FOR IMMEDIATE RELEASE May 19, 1995
CONTACT: DAWN DAY, Ph.D., (609) 924-4797 ERIC E. STERLING, (202) 835-9075
44% OF AIDS CASES DRUG-RELATED
INFECTION RATE FOR BLACKS FIVE TIMES RATE FOR WHITES
DIRTY NEEDLES THE PRINCIPAL MEANS OF TRANSMISSION
Princeton, N.J. -- The majority of America's new drug-related AIDS cases are among African-American and Hispanic males age 13 and older, according to an analysis of CDC's latest data by Dr. Dawn Day, the Director of the Dogwood Center. Drug-related AIDS cases now constitute 44% of all new AIDS cases in 1994 where the means of transmission of the virus is known. The percentage is rapidly growing. The sharing of hypodermic syringes for the injection of illegal drugs is the number one cause of this rapid increase.
"The wave of AIDS cases among Black and Hispanic Americans can be slowed if clean needles are exchanged for ones used by drug injectors," said Dr. Day in announcing her data. "Without following public health doctrine 101 -- interrupting the spread of disease -- this epidemic is on a course that will simply overwhelm American medicine, American cities, and people of color," she said.
Between 1990 and 1994, the number of new drug-related AIDS cases rose 90 percent among African American and Hispanic men age 13 and older. Dr. Day's research points out the lopsided shape of the wave of new AIDS cases. "A key to understanding this epidemic is to look at the rates, not the total numbers which tend to hide where new AIDS cases are striking. The rate of African-American new AIDS cases at 109 per thousand who inject drugs is five times greater than the rate of 22 new cases per thousand for white drug injectors. The rate for Hispanic drug injectors is 94 per thousand. The deaths we're going to see will be simply staggering," Dr. Day said. "Current drug abuse prevention and treatment programs are not protecting Blacks and Hispanics from AIDS. These are truly crisis numbers. We must follow the advice of organizations such as the National Commission on HIV and AIDS, appointed by President Bush and make clean needle exchanges available to injecting drug users," said Dr. Day. "In 1994, CDC reports, there were 28,522 new drug-related AIDS cases: 15,207 of those cases were among African- American and Hispanic males age 13 and older. This is over half of all such cases. CDC-commissioned studies of anti-AIDS strategies show strongly that providing clean needles to drug users in exchange for used needles can cut the spread of AIDS. Each new AIDS case, on average, is going to cost society $120,000. Providing health care for these people -- whose fatal illness we could have prevented -- will cost us $3.4 billion," said Dr. Day.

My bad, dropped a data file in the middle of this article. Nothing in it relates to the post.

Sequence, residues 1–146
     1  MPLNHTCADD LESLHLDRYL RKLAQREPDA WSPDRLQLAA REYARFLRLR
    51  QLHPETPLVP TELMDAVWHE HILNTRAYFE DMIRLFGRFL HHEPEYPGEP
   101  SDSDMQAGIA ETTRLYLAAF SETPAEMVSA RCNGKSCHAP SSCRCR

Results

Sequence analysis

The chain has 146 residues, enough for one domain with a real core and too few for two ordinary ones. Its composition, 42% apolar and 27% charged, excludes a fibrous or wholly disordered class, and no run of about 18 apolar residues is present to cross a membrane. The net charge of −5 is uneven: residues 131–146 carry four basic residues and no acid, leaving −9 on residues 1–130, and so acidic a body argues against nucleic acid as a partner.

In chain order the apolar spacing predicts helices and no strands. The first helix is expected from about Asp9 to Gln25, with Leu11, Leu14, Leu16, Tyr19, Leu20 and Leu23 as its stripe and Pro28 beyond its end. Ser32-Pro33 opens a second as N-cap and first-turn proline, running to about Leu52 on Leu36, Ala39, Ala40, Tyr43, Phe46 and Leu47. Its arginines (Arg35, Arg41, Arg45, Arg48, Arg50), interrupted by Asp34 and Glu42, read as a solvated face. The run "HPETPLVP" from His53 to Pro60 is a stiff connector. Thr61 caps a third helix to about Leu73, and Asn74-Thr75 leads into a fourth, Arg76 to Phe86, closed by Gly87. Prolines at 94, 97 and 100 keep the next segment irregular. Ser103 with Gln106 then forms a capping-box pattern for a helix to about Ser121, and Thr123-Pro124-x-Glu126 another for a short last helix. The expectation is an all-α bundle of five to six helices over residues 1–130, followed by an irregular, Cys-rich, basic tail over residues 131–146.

The most comprehensive study of needle exchange programs, initiated during the Bush Administration, was conducted by the University of California, San Francisco. Its findings were that needle-exchange programs are likely to reduce the spread of AIDS and do not appear to increase the use of illegal drugs. The study and its findings were further evaluated by the Centers for Disease Control (with input from the National Institutes of Health and other Federal substance abuse agencies) in December 1993. That review endorsed the study's conclusions and recommended ending the Federal ban on funding needle exchange programs. For more information on the needle exchange study, contact Peter Lurie, M.D., M.P.H., at the University of California, San Francisco at (415) 597-9138.
Dawn Day is the Director of the Dogwood Center, an independent research center in Princeton, N.J. She was a member of the Carnegie Corporation-funded team that analyzed changes in the lives of African Americans. Her work on household energy consumption has been funded by the Ford Foundation. She has taught at Brooklyn College and the University of Maryland.
Dr. Day is a member of the National Drug Strategy Network. She is the author and co-author of several books on racial discrimination: Adoption Agencies and the Adoption of Black Children (Lexington Books, 1979); Protest, Politics, and Prosperity: Black Americans in White Institutions, 1940-1975 (Pantheon, 1978 (co-author); The Negro and Discrimination in Employment (University of Michigan Institute of Labor and Industrial Relations, 1965); The American Energy Consumer (Ballinger, 1975, co-author). Currently she is writing a book on illicit drugs and racial injustice. She holds both a Ph.D. in Sociology and an M.S.W. in social work from the University of Michigan. The Dogwood Center, P.O. Box 187, Princeton, N.J. 08542, (609) 924-4797, e-mail: [email protected]
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